AstraZeneca has told the Department of Health and Social Care (DHSC) it will supply at least 20m doses by the end of March as part of a commitment to deliver 100m by the end of the year, but the government has issued no details of when supplies will be released. Pfizer/BioNTech is expected to provide 40m doses.

The Oxford/AstraZeneca vaccine is being made in laboratories in Oxford and at Keele University in Staffordshire. Staff at Oxford Biomedica are working around the clock and a spokesperson said it was producing batches “on time”.

“Growing cells is basically the process,” a spokesperson said. “We are effectively adding a bit of the virus that can make all the cells we have grown into vaccine.” Staff have been increased from 550 to more than 650, mostly working on the vaccine.

The DHSC said that after the over-70s, clinically vulnerable, care home residents and health and social care workers have been offered one dose, the programme will move to all over-50s.

They believe that without hitches that could mean by April almost all those with a more than a slight chance of dying from Covid will have received at least one shot.


Robert Booth, Sarah Boseley and Denis Campbell

The GuardianTramp

Related Content

Article image
NHS leaders raise concerns over pace of Covid vaccine rollout
Exclusive: more than half of hospital trusts in England yet to receive supplies as variant spreads

Denis Campbell Health policy editor

22, Dec, 2020 @7:31 PM

Article image
Ministers urged to strip away red tape to hit UK vaccine rollout target
Doctors say 24/7 vaccine centres and recruiting retired health workers could help reach goal

Linda Geddes Science correspondent

01, Jan, 2021 @6:13 PM

Article image
UK to begin using Oxford Covid vaccine as PM strikes hopeful tone
Boris Johnson says he hopes pace of vaccination can be ramped up to protect tens of millions in months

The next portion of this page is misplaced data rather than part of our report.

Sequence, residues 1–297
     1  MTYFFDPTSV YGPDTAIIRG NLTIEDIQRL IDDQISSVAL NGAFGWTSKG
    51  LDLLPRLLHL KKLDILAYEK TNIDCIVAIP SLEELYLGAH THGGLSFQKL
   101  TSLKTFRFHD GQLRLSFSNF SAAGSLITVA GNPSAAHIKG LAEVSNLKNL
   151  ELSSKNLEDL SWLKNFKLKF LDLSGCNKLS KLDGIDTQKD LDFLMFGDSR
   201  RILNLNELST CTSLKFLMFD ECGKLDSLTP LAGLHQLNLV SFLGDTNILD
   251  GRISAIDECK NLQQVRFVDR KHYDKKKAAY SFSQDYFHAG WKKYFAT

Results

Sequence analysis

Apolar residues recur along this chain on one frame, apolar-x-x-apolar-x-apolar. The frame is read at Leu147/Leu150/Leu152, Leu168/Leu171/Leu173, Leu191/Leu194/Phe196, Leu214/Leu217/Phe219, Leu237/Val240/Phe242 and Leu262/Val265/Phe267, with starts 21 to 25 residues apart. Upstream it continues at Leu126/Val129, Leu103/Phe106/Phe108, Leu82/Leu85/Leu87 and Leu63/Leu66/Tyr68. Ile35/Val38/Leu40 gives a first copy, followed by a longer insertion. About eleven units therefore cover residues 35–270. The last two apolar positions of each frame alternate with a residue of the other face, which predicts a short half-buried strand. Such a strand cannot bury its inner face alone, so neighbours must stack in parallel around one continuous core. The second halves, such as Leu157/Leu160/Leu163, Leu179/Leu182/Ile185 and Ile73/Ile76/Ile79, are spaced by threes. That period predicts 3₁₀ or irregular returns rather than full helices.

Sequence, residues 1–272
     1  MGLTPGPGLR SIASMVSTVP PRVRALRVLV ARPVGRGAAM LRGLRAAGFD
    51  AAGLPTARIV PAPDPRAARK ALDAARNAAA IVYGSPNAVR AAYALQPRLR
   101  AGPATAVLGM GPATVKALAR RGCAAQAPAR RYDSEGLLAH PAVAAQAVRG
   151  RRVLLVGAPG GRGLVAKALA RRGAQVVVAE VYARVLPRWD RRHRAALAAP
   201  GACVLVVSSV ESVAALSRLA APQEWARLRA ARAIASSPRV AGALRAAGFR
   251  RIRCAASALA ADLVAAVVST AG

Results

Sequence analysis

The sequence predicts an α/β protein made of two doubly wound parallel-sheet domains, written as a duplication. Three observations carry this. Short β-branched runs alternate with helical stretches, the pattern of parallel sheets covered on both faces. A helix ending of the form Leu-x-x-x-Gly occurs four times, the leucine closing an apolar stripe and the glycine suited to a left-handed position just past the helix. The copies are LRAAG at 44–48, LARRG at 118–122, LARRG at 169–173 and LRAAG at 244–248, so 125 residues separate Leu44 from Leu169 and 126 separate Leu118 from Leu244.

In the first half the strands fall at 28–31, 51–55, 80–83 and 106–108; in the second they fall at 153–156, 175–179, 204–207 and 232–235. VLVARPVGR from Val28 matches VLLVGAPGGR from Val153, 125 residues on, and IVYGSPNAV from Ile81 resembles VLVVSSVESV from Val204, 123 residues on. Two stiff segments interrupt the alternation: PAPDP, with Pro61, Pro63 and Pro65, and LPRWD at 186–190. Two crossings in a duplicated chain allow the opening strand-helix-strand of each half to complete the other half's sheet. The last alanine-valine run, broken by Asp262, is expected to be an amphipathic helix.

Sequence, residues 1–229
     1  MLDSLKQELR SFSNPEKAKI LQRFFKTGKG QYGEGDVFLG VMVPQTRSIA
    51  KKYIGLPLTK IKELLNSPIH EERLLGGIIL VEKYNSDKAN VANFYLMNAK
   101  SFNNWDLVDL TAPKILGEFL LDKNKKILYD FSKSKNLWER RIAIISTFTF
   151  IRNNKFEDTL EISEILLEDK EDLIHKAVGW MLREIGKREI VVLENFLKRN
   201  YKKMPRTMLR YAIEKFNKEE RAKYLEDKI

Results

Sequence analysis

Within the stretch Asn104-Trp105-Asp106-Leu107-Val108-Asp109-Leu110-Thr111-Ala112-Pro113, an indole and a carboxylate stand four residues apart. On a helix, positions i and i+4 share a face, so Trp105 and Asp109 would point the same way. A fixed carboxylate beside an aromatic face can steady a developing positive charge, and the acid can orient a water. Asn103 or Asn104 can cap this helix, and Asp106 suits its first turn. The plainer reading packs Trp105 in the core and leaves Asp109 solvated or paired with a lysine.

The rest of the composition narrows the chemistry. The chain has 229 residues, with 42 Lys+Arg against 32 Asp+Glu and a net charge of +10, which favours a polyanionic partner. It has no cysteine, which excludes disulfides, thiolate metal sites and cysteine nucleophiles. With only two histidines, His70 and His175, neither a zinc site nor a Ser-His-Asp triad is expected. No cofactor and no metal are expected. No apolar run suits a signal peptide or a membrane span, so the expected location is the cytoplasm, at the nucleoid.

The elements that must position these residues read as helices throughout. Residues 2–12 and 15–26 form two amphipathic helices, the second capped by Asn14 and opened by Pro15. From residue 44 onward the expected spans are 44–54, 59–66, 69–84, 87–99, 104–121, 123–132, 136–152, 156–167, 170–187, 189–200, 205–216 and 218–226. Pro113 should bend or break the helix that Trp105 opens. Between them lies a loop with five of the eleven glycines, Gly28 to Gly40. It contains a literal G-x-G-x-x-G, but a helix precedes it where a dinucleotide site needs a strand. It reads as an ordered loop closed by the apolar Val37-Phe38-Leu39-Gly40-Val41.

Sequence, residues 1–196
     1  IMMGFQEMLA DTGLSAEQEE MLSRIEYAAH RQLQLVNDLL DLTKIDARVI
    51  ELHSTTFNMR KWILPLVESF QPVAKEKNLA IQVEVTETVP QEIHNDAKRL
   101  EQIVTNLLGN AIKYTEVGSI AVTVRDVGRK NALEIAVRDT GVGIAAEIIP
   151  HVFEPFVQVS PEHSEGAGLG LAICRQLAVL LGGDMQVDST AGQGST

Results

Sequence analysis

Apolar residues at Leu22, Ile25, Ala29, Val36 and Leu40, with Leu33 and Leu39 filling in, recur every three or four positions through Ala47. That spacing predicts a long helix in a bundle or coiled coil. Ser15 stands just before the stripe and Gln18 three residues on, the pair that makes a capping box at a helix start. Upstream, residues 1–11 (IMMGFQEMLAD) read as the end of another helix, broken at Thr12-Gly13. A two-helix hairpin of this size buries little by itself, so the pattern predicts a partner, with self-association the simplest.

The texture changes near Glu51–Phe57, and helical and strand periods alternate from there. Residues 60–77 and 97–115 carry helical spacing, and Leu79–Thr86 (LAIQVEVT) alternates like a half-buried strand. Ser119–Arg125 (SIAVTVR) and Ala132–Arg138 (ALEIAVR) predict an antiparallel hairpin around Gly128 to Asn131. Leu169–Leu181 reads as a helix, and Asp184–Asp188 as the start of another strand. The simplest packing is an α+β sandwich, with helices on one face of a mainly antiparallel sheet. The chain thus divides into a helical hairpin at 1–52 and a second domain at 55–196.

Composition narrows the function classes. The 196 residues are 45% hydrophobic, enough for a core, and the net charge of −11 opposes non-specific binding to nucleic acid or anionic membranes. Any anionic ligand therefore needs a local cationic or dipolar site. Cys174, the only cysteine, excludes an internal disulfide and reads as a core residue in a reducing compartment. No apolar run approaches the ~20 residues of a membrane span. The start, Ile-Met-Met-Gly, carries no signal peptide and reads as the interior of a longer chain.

Sarah Boseley Health editor

03, Jan, 2021 @7:46 PM

Article image
Covid vaccine: chief medical officers defend rescheduling of second doses
Statement follows outcry from GPs who say cancelling appointments is waste of time and could lead to confusion among patients

Nicola Davis and Linda Geddes

31, Dec, 2020 @7:46 PM

Article image
GP’s photo diary captures ‘positive vibes’ of Covid vaccine rollout
Dr Prabir Mitra documents start of the immunisation programme at his surgery in King’s Lynn

David Batty

23, Dec, 2020 @12:01 PM

Article image
UK doctors finding it harder to get PPE kit to treat Covid-19 patients, research reveals
Royal College of Physicians says NHS staff’s lives are still at risk despite ministers’ pledges

Denis Campbell Health policy editor

27, Apr, 2020 @5:00 AM

Article image
Covid vaccine: unease among doctors as follow-up doses of UK jab delayed
Survey finds medics have concerns about scrapping of second appointments

Denis Campbell, Robert Booth and Rachel Obordo

05, Jan, 2021 @7:00 AM

Article image
Scientists question NHS algorithm as young people called in for jab
Apparent inconsistencies in QCovid risk prediction tool wrongly identifying some patients as high risk

Linda Geddes Science correspondent

09, Mar, 2021 @3:24 PM

Article image
Covid-19: test all health and care workers weekly, says UK scientist
MPs hear ministers were told in April that systematic testing was essential to keep staff safe

Sarah Boseley Health editor

21, Jul, 2020 @3:11 PM

Article image
Outrage as people in Coventry offered Covid jab over 100 miles away
News that people have been invited to travel to Manchester comes amid fresh criticism of vaccination programme

Jessica Murray

14, Jan, 2021 @10:43 AM